The Pont du Gard is a three-level Roman bridge-aqueduct, located in the town of Vers-Pont-du-Gard, near Remoulins, in the Gard department in France. It spans the Gardon, or Gard River, allowing passage of the Roman aqueduct that brought water from Uzès to Nîmes.

The Pont du Gard has been a historical monument since 1840. The Pont du Gard was added to the UNESCO World Heritage List in December 1985. It is the highest known bridge-aqueduct in the Roman world. It is a major tourist attraction in the Gard during the summer and is easily accessible by the departmental buses from Nimes, Alès via Uzès and Avignon via Remoulins.

Pont du gard

The Roman aqueduct of Nîmes

The Pont du Gard is the monument that houses an aqueduct that spans nearly 50 km (49,702 m). It carried water from the Eure Fountain in Uzès near Saint-Quentin-la-Poterie to the Roman city of Nemausus, now called Nîmes. The spring water comes in part from the Alzon River, which passes through the vicinity of Uzès, and from water collected from Mount Bouquet, located closer to Alès. The aqueduct itself is a masterpiece of engineering, testimony to the extraordinary mastery of these ancient builders: the difference in level between the start and end points is only 12.6 m, with an average slope of 24.8 cm per km. Because of the topography, the aqueduct winds through the small mountains and valleys of Uzès and Nîmes.

The aqueduct of Nîmes was probably built in the first century AD, as attested by the ceramics. Tunnels dating from the time of Augustus had to be bypassed, indicating that the aqueduct was constructed later, and the coins found in the reservoirs of the city of Nîmes, where the waters of the aqueduct were collected, do not predate the reign of Emperor Claudius (41-54 CE). It is therefore thought that the aqueduct, of which the Pont du Gard is a part, must have been constructed between 40 and 60 CE.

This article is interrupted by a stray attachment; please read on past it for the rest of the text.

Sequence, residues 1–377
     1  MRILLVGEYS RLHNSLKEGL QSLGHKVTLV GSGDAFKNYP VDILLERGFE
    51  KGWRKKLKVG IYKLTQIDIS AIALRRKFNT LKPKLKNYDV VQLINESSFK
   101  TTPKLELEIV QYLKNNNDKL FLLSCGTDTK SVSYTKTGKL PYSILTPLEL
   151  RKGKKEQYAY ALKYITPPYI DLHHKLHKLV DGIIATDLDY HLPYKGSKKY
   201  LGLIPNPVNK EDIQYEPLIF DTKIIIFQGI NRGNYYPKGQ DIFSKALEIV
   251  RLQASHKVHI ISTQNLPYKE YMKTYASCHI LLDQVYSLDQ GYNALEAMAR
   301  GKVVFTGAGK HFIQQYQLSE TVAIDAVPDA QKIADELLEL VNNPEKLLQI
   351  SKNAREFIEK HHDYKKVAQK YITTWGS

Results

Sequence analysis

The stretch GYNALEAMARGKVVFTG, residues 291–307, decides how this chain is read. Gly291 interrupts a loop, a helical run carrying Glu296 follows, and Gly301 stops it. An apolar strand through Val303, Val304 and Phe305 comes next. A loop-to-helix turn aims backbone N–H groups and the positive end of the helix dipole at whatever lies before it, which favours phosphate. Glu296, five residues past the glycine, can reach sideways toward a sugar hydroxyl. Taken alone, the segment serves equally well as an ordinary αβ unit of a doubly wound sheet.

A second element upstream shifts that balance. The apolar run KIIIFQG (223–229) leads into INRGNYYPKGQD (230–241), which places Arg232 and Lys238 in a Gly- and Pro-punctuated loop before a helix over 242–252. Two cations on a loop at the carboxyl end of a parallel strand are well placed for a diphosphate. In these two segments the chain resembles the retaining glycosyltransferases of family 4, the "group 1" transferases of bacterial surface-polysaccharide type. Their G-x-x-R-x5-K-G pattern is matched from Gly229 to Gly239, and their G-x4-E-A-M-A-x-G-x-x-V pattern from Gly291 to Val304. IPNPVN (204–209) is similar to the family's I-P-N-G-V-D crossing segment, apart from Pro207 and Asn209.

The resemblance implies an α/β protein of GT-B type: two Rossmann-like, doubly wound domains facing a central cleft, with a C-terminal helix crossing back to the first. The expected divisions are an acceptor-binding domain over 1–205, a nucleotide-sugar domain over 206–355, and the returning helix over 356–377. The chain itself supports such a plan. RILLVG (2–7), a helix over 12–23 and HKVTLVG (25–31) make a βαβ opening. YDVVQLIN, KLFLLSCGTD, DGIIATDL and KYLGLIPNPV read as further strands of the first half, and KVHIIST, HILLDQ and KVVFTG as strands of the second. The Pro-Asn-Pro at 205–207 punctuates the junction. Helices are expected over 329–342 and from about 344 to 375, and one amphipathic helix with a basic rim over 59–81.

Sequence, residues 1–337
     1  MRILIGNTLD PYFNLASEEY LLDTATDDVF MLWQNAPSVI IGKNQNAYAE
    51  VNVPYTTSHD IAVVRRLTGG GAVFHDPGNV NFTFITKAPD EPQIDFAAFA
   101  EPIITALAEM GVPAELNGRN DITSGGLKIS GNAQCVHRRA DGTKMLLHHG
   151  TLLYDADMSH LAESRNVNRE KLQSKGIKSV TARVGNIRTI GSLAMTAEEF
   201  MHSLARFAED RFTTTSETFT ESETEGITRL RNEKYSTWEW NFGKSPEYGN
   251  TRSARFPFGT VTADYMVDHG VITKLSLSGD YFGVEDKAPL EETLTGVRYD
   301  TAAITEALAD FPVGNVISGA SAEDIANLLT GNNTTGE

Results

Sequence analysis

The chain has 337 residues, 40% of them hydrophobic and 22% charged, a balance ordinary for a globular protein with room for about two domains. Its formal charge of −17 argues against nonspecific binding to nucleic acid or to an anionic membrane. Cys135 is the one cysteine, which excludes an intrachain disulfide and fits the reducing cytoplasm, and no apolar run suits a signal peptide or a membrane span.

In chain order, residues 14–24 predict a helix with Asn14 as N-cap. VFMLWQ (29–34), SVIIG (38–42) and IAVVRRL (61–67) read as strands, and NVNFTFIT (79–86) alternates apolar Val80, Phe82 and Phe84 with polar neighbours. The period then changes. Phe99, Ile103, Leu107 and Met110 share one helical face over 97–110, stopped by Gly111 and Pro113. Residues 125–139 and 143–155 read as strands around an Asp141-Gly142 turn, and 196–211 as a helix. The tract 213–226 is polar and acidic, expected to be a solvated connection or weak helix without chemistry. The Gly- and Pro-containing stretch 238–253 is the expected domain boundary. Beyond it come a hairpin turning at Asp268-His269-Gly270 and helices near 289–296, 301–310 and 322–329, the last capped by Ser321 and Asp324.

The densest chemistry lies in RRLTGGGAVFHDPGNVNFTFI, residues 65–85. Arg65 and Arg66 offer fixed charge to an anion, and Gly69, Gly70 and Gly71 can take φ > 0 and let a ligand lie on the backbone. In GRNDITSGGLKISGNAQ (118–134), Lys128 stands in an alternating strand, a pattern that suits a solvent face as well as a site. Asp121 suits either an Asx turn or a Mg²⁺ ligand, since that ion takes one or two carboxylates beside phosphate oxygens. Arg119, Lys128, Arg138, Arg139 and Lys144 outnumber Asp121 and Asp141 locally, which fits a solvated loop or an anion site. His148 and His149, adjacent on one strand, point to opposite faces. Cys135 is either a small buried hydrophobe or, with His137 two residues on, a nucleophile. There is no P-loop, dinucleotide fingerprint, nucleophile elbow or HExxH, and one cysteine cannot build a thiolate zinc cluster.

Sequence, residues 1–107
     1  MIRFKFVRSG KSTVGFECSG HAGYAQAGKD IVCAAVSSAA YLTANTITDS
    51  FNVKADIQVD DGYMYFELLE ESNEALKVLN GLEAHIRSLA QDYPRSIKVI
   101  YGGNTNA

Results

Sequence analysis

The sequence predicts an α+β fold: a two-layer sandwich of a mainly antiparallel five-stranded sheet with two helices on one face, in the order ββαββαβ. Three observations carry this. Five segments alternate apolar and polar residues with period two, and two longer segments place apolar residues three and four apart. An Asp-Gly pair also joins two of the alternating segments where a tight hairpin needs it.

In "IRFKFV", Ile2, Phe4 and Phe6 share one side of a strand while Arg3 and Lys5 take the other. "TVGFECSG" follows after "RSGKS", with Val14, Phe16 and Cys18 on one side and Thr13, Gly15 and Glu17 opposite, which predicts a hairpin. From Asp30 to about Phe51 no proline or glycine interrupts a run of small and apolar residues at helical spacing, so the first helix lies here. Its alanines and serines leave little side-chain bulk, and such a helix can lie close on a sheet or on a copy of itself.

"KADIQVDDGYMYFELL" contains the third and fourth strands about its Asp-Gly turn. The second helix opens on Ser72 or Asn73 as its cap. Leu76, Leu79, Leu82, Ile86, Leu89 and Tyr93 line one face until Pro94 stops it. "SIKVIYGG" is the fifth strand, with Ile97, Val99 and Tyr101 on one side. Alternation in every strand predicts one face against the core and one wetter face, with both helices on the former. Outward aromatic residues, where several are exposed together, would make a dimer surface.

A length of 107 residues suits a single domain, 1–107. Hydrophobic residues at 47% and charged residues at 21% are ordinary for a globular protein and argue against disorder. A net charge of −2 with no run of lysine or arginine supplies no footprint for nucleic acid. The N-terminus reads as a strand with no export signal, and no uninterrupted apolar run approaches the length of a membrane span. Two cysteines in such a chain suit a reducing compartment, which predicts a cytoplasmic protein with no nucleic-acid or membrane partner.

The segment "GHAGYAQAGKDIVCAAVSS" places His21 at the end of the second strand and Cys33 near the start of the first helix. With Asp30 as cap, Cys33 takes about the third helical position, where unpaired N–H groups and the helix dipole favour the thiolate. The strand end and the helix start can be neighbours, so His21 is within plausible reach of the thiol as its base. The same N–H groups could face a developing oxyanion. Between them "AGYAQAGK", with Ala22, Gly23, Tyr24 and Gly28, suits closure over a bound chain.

Its average flow has been estimated at 40,000 cubic meters of water per day. It took a whole day for the water to reach the distribution point, a sort of water tower called a castellum, which can still be seen on Rue de la Lampèze in Nîmes. Nemausus had a number of wells, as well as a nearby spring. The construction of the aqueduct was therefore not a vital necessity, but rather a show of prestige, intended to supply the thermal baths and other fountains of the city.

From the 4th century onwards, however, maintenance began to lack, while limestone deposits blocked two thirds, and in some places three quarters, of the pipe. It is now estimated that it ceased to function at the beginning of the 6th century, when, following the battle of Vouillé, the Franks took control of the Uzès region, while the Visigoths held on to Nîmes: ceramics from this time period have been found in the abandoned layers. The aqueduct was then used as a stone quarry (concretions detached from the walls of the pipe were used to cover sarcophaguses at the Saint-Baudile cemetery in Nîmes).

Architecture of the Pont du Gard
Built on three levels with stones extracted locally from the surrounding Roman quarries, the top of the bridge dominates the Gard, in low water, at 48.77 m tall, and measures 275 m at its widest point.

* Lower level: 6 arches, 142.35 m long, 6.36 m wide, 21.87 m high.
* Middle level: 11 arches, 242.55 m long, 4.56 m wide, 19.50 m high.
* Upper level: 35 arches, 275 m long, 3.06 m wide, 7.40 m high.

Aqueduct 1.80 m high, 1.20 m wide, slope 0.4%.
This level lost 12 arches, initially measuring 360 m. It was originally preceded by an abutment 130 m in length. A regulating structure was discovered at the edge of the abutment in 1988. The arches were 16 Roman feet wide (4.75 m), while the piers were about 10 by 10 feet (3 m).

Observation of the inner face of the large stone pillars on the second level of the bridge reveals the work of the Roman builders: block cutting techniques (traces of escoude cuts) and construction techniques (blocks laid in tile and headers and protruding blocks where scaffolding was installed).